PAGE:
Then, of course, there is the victim. As established, we’ll be focusing here on those who were attacked by someone close to them.
It can be difficult to report someone you love, even if they are hurting you. Sending a family member to jail feels, for lack of a better word, mean.
We’re all taught to love and support our family, and calling the police on them seems to go against all that we’ve been taught.
Sometimes the hesitation to take action stems from embarrassment and worry about what people will think when they find out.
I’d like to be sensitive and eloquent, because I perfectly understand how difficult these situations can be. Having lived through it myself, I feel the need to say, all of that is a load of crap, and we need to push past it.
Yes, we should love and protect our families, but when someone chooses to harm another person, they forfeit their right to that protection. They choose to become a danger to others, and that fact cannot be ignored.
For victims in this kind of situation, the best thing to do is rely on the relationships you can trust. If you feel you can’t go straight to the authorities on your own, talk to an adult who can help you.
Finding a support system is so important. If you don’t feel like there is anyone in your life you can trust, make it your goal to find someone. Finding help isn’t optional, it’s the most important thing you can do.
Creating and Respecting Boundaries
A really crucial part of healing for victims of abuse is creating boundaries. This is something everyone should be doing.
Certain boundaries, everyone should be expected to respect, like personal well-being and safety. Other boundaries can be created on a case by case basis.
For example, there are things I can talk about with my husband or a good friend that I won’t discuss with other people, because I have boundaries.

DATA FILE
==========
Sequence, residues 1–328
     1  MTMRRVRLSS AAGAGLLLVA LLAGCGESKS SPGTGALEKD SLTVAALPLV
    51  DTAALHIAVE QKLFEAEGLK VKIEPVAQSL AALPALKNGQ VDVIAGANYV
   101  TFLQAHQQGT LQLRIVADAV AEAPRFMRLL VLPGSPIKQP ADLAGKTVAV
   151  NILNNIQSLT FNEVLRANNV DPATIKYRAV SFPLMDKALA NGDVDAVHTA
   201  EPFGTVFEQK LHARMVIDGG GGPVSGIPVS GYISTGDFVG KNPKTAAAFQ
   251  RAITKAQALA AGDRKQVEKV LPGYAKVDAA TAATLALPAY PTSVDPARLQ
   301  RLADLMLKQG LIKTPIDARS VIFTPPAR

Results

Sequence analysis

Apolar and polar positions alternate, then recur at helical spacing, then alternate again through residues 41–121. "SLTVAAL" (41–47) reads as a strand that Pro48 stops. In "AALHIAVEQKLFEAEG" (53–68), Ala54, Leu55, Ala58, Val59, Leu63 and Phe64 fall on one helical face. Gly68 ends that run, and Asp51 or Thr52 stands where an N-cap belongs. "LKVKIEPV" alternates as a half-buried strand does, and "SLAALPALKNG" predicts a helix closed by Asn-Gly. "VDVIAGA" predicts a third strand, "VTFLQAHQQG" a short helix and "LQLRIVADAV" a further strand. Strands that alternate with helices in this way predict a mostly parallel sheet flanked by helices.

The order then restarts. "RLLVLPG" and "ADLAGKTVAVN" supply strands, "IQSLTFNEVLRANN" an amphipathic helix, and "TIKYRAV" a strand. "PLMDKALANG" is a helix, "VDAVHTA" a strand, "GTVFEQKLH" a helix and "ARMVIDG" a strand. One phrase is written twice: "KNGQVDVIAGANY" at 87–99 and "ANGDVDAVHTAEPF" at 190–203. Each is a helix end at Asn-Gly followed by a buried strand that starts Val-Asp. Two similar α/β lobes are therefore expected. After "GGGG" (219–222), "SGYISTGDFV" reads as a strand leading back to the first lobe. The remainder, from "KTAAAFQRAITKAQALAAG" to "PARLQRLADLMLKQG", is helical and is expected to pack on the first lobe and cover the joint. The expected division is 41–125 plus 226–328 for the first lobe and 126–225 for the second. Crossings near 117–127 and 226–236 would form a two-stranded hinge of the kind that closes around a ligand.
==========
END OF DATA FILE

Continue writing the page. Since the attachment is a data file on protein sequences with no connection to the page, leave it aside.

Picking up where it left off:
There are people and places that really drain me, and make me feel terrible, so I give myself permission to avoid them.
This is one of those gooey, instagrammable sayings, but the truth is that nobody is going to put you first if you don’t put yourself first.
You have a responsibility to take care of yourself, and you will know how to do that better than anyone else.
So with respect to relationships, if it is going to hurt you to continue a relationship, it is better for that relationship to end.
You can leave the door open, in the hope of a prodigal son moment, but waiting and watching at that door is an unhealthy use of time and energy. We were never meant to live in pain, we “are that (we) might have joy.” (2 Nephi 2:25)
The Atonement and Relationships
I was sent a few quotes, pulled from The Church of Jesus Christ of Latter-day Saint’s help site for those affected by abuse. Find the site here.
“Forgiveness does not mean forgetting the offense ever occurred or pretending it never happened. It does not mean that you allow the abuse to continue.
It does not mean that it is possible for all relationships to be healed.
And it does not mean the offender will not be held accountable for his or her actions. It means the Savior can help you let go.
Elder Jeffrey R. Holland of the Quorum of the Twelve Apostles taught what forgiveness of deep offenses looks like.
He said, “It is … important for some of you living in real anguish to note what [the Savior] did not say. He did not say, ‘You are not allowed to feel true pain or real sorrow from the shattering experiences you have had at the hand of another.’
Nor did He say, ‘In order to forgive fully, you have to reenter a toxic relationship or return to an abusive, destructive circumstance.’